This week I was introduced to Porter’s Five Forces, which entails how suppliers, substitute products, new entrants, and buyers, impact industry competition. As an emerging sport psychology consultant these forces will determine (1) if performers receive the help they deserve (2) my livelihood. Let’s focus on the first. Basically, by structuring my competitive strategy well, clients have the opportunity to learn why sport psychology can improve their lives, why I am the best choice for helping them achieve objectives, and in essence, ensure they get the best care possible.

In the sport psychology industry we are competing on service. Suppliers have the least impact on industry competition; whereas the other three forces are will play a significant role in growth of the field and my success. In considering substitute products and new entrants, differentiating is key. My objectives will focus on demonstrating that my skills are indeed different from coaches, counselors, nutritionists, and trainers, and that my training and life experience (e.g., M.A. in sport & performance psychology, athlete, musician, entrepreneur, corporate employee) brings something unique to the table as a means of distinguishing from other consultants. Porter discusses the importance of positive sum competition, which draws on a view that people in the industry (i.e., healthcare, psychology, sport, performance enhancement, etc.) are competing on different things to meet different needs. Additionally, having an abundance mentality, approaches competition from the standpoint that there is plenty to go around, and will allow me to have patience and a strategy that seeks to find the right clients.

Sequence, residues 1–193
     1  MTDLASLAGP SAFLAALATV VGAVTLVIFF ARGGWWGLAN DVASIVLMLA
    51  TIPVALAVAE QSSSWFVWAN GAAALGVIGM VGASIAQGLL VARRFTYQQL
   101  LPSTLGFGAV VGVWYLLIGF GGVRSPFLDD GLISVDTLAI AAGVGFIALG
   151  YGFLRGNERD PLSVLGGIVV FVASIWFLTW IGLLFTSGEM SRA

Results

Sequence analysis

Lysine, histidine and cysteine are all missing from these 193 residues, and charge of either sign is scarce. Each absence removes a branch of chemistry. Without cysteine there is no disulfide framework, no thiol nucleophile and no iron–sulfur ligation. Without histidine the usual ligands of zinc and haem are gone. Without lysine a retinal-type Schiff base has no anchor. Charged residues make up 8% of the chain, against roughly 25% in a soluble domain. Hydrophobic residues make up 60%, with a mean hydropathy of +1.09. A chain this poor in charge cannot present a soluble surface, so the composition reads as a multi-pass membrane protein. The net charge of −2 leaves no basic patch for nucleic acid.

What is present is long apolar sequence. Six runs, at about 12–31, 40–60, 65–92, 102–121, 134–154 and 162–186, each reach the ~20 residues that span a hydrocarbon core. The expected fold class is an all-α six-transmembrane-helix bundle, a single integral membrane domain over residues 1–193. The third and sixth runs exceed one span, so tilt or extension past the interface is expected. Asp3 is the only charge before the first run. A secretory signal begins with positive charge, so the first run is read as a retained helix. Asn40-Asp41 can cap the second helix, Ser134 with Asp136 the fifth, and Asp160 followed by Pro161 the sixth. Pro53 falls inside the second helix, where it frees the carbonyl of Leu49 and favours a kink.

To attract clients and have the opportunity to use my skills, I need to educate clients on the distinction between consultants as well as what sport psychology is and why it will bring value to their lives. In developing a strategy this will require understanding what clients need and want, how much I am worth, and how much will clients “buy.” Continuing to coach, interact with peers, and asking performers these questions will help to determine the industry pulse. A willingness to learn from the client and adapt to changes in the industry will facilitate incorporating my strategy in day-to-day life and being flexible to the competitive dynamics in performance enhancement.

Check out the following link for more information on Porter’s Five Forces and a Harvard Business Review Ideacast in which Michael E. Porter takes in depth about his framework for business strategy: